3 Inspiring Life Lessons I Learned Before 30

Just five weeks ago, I hit a major milestone: 30.

For years, I’ve imagined that by now I’d have it all figured out, especially my career path. While I do have a deeper sense of direction, I’m still deciding what success looks like after 30.

To date, I’ve worked in diverse industries, traveled the country, met some amazingly talented and challenging people, and experienced extreme highs and lows— and in between all of those moments I’ve extracted lessons.

So this year on my 30th birthday I celebrated by reflecting on these lessons. Finding the true meaning of these lessons will inspire me into action, and perhaps make the next decade just as wonderful as the last.

For all you newly 30-somethings here are a few important life lessons that I plan to keep with me:

1.      Nothing is Impossible with Hard Work

My high school writing teacher taught me a very valuable lesson early in life.

Ms. Smith (name changed for this story), was the veteran writing teacher at my public high school and I had big dreams of becoming a reporter. My junior year, I was thrilled to see that I would be in her English class and I was eager to write for the school newspaper, which she ran. Our first assignment was covering a school event. I submitted an article about the recent homecoming game. Shortly after my submission, Ms. Smith told me I would never be a writer.

I was a determined girl and refused to accept this reality. I would not let this moment dictate the rest of my life. I started taking writing seminar classes, journaling, reading and went on to major in public relations. I spent many hours and late nights studying and reading throughout college, and I knew I needed to work hard to get what I wanted. With great resolve and hard work, I’m now a member of the communications team for one of the top ten banks in the country.

Be the type of person that is fortified in determination; always give it another go.

2.      Change is Good

According to Penelope Trunk, serial entrepreneur and author, life is actually “more stable” with frequent job changes. Trunk says, “In terms of managing your own career, if you don’t change jobs every three years, you don’t develop the skills of getting a job quickly, so then you don’t have any career stability.” Young professionals should take risks and consider opportunities out of their comfort zone.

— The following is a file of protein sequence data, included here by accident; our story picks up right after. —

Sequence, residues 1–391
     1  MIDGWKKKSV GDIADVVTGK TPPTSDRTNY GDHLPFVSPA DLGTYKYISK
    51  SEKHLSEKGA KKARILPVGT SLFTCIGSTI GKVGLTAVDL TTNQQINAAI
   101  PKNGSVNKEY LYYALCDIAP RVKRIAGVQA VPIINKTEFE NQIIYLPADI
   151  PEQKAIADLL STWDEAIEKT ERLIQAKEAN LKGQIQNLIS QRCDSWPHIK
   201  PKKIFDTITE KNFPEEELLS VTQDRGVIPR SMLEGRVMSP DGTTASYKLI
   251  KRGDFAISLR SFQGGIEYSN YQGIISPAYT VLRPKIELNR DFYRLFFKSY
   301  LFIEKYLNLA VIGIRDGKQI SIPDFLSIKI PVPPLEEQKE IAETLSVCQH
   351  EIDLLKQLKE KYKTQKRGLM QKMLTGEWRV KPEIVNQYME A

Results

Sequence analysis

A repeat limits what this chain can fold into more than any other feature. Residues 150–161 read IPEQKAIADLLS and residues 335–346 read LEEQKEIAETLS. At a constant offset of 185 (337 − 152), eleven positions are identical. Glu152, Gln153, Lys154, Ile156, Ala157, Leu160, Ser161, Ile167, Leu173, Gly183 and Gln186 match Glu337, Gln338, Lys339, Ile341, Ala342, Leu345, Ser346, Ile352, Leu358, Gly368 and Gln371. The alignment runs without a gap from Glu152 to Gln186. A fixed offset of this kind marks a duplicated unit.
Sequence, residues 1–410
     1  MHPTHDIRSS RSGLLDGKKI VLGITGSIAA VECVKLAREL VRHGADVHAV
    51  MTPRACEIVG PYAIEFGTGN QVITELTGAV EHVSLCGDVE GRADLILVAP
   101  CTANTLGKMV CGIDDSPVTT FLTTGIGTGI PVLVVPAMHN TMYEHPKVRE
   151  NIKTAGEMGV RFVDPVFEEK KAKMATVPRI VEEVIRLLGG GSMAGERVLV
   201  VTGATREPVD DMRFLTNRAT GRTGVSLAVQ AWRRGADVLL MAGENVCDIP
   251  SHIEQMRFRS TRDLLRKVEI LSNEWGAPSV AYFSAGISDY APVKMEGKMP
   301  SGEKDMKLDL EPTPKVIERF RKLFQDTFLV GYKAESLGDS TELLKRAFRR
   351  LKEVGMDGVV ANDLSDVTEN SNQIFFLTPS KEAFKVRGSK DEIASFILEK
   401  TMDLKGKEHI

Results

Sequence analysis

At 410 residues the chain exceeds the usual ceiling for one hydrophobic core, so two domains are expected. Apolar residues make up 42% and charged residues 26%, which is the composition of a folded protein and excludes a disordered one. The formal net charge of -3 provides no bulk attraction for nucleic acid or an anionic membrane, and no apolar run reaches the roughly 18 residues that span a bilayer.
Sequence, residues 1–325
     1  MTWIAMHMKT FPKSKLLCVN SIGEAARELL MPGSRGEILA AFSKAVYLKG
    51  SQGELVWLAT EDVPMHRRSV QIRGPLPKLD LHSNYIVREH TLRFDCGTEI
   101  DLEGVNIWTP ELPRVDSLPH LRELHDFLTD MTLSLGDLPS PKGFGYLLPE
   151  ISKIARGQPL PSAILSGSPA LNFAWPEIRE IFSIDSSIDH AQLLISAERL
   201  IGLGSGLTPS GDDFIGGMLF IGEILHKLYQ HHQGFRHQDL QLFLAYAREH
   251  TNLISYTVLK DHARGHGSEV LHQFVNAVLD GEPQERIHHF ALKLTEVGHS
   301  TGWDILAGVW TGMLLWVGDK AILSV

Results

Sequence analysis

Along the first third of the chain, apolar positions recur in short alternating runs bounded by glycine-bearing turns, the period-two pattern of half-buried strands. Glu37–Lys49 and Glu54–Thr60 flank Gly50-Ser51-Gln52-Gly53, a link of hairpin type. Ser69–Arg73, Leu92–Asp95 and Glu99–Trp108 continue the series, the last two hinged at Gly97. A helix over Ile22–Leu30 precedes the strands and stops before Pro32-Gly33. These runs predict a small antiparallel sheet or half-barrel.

In other words, don’t put yourself into a professional pigeonhole. Whenever possible, expand your career by learning a new skill or expressing interest in different assignments or projects. Taking this leap won’t happen overnight; it will require focus and dedication.

I’m always eager and open to new opportunities as they arise. And I’m delighted to say that after four company moves and six job title changes (in less than eight years) I feel extremely well-rounded and more confident for all the change that lies ahead.

3.      Setting Goals is Important

Zig Ziglar once said, “If you aim at nothing, you will hit it every time.”

A couple of years ago, I sat with my now husband and rattled off a list of career goals. I’m pretty sure his head was spinning by the end of the discussion. But setting goals gave me a target to hit.

Rather than going through the motions of my day-to-day job responsibilities, I found new purpose in my career choices. This was a smart way for me to find focus in my career path. I was also able to uncover the potential of my abilities and talent.

It’s critical to establish clear career goals for yourself. Hopefully, you work for a company that supports professional development and learning. At TD Bank, every employee is encouraged to have meaningful career conversations with their manager. By taking action and having frequent career conversations it truly helps people achieve success.

Turning 30 is leaving me with a great feeling and a sense of pride. I look around at my peers and I’m so proud of the success we’ve achieved. I see teachers, nurses, social workers, accountants, pharmacists, chefs and so much more.  And as long as we set our mind to it, we can achieve anything.

Amber Leahy
About the author: 

Amber Leahy is the Vice President, Corporate Communications for TD Bank, America’s Most Convenient Bank. In this role, she’s responsible for the internal and external communications for the Corporate and Specialty Bank. She’s a member of PRSA. Follow her on LinkedIn or Twitter.